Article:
We will never fight again, our lovely, quick, template-ready arguments. Our delicate cross-stitch of bickers.
The house becomes a physical encyclopedia of no-longer hers, which shocks and shocks and is the principal difference between our house and a house where illness has worked away. Ill people, in their last day on Earth, do not leave notes stuck to bottles of red wine saying ‘OH NO YOU DON’T COCK-CHEEK’. She was not busy dying, and there is no detritus of care, she was simply busy living, and then she was gone.
She won’t ever use (make-up, turmeric, hairbrush, thesaurus).
She will never finish (Patricia Highsmith novel, peanut butter, lip balm).
And I will never shop for green Virago Classics for her birthday.
I will stop finding her hairs.
I will stop hearing her breathing.
About two years afterwards, far too soon but perfectly timed, I brought home a woman, a Plath scholar I met at a symposium.
She was funny and bright and did her best with a fucked-up situation. We had to be quiet because the boys were asleep upstairs.
She was soft and pretty and her naked body was dissimilar to my wife’s and her breath smelt of melon. But we were on the sofa my wife bought, drinking wine from glasses my wife was given, beneath the painting my wife painted, in the flat where my wife died.
I haven’t had sex with many women, and I only got good at it with my wife, doing things my wife liked. I didn’t want to do those things, or think about whether I should be doing those things or thinking about the thinking, which meant I bashed her teeth, then knelt on her thigh, then apologised too much, then came too quickly, then tried too hard, then not hard enough.
But it was good, and she was lovely, and we sat up smoking her strong cigarettes out of the window and talking about everything we’d ever read that wasn’t by or about Sylvia or Ted.
She left and I felt nervous about feeling cheerful. I walked around the flat as if I’d only just met it, long strides and over-determined checking of surfaces. I looked in on the boys.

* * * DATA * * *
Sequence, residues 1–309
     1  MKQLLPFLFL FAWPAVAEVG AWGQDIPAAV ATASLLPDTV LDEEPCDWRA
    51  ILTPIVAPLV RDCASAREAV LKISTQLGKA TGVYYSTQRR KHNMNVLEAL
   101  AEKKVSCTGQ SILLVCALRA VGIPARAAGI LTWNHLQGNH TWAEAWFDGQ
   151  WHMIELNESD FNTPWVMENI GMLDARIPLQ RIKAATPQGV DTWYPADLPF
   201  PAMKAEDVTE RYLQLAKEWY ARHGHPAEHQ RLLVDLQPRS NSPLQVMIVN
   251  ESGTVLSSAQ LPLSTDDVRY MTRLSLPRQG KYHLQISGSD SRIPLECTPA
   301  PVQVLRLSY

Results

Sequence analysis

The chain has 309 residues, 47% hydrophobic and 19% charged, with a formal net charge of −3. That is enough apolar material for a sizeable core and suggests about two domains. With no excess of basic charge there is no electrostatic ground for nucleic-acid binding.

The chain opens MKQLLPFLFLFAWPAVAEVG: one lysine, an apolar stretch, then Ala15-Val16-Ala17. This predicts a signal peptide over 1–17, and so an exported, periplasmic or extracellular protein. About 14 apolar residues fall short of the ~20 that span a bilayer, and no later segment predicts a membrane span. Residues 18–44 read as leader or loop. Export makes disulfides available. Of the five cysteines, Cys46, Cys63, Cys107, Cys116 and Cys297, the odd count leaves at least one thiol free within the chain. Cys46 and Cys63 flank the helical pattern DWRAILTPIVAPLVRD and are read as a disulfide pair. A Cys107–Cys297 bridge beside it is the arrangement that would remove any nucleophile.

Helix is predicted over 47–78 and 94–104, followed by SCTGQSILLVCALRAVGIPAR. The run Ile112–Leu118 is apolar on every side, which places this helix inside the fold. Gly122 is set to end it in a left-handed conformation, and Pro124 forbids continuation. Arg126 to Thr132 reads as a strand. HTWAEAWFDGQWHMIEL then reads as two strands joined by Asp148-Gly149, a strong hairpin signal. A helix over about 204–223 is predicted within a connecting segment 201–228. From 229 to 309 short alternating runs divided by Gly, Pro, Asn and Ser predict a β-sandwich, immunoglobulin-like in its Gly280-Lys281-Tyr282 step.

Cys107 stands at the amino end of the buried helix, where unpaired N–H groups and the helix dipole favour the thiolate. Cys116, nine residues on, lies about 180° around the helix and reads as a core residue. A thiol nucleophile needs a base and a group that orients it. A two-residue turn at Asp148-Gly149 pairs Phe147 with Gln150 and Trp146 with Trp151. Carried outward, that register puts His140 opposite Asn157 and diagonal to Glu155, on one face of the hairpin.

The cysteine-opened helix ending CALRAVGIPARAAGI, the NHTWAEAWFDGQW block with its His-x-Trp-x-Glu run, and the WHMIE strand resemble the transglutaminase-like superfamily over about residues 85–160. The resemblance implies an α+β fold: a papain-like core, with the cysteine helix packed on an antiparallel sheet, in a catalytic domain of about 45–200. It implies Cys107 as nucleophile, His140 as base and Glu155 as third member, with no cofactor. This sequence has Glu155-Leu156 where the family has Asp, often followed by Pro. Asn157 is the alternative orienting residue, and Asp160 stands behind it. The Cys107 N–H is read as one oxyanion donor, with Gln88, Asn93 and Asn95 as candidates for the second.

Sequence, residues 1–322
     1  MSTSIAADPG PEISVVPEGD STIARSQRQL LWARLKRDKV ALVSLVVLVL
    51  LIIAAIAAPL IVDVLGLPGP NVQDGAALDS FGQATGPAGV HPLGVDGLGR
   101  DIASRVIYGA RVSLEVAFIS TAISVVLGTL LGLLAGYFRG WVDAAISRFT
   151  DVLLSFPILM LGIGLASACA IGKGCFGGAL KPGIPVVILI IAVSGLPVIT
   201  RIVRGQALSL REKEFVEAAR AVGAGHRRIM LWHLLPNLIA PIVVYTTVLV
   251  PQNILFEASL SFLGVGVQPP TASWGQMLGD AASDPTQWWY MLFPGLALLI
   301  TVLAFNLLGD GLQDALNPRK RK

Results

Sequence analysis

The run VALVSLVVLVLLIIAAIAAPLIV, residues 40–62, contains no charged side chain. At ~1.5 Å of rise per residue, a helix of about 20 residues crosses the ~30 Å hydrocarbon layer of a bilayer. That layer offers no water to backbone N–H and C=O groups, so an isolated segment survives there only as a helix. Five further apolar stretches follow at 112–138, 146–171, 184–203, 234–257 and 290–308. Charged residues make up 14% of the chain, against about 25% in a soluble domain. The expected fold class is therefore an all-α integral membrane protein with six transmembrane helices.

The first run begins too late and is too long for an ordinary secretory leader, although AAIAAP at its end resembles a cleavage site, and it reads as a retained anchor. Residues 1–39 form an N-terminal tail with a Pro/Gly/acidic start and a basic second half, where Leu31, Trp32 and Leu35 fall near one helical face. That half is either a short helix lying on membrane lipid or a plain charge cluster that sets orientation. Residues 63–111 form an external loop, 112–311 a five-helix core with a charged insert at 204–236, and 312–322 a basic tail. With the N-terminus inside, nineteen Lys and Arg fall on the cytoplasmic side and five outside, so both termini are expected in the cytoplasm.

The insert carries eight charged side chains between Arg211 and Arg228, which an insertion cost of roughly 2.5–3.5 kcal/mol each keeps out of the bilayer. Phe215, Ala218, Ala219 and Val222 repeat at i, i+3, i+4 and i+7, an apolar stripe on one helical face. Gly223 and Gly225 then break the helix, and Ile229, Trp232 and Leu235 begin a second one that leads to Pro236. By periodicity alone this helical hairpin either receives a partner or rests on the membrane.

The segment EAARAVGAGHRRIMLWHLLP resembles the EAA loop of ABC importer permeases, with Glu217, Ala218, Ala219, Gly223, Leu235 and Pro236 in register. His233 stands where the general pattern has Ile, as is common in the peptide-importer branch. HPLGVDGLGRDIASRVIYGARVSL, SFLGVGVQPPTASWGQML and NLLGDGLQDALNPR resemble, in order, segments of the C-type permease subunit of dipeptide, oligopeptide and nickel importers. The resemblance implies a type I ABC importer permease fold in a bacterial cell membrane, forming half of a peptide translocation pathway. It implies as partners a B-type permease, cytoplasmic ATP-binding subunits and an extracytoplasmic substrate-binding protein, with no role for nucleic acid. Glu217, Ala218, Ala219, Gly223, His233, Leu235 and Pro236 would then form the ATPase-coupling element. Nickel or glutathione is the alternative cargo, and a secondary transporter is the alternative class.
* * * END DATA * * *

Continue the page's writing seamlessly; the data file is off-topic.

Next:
When I came down Crow was on the sofa impersonating me pumping and groaning.
Permission to leave, I’m done.
Shall I final walk the loop, the Boys/Dad boundary, hop/look/hop/stop.
Shall I final follow hunches, mourn hunt with pack lunches?
I dreamt her arm was blue when I found her, Red where I touched, reacted, peck-a-little, anything?
Nonsuch matte podginess gave way to bone,
Accident in the home.
She banged her head, dreamed a bit, was sick, slept, got up and fell, Lay down and died. A trickle of blood from an ear.
Hop/look/sniff/taste/better not. Total waste.
Lifeless cheek, lifeless shin, foot and toe. Wedding ring. Smile.
The medics arrive, the kids at school are learning, learning.
As you were, English widower, foliate head, The undercliff of getting-on, groans, humps, huffs and puffs, Wages, exams, ball-drops, lies and ecstatic passages, All dread dead as the wildflower meadow.
Starts again in proper time.
Some dads do this, some dads do that. Some natural evil, some fairly kind.
Pollarded, bollarded, was-it-ever-thus. Elastic snaps, a sniff and a sneeze and we’re gone.
Coppiced, to grow well.
Connoisseurs, they were, of how to miss a mother.
My absolute pleasure.
Just be good and listen to birds.
Long live imagined animals, the need, the capacity.
Just be kind and look out for your brother.
Max Porter, Grief is the Thing with Feathers, 2016.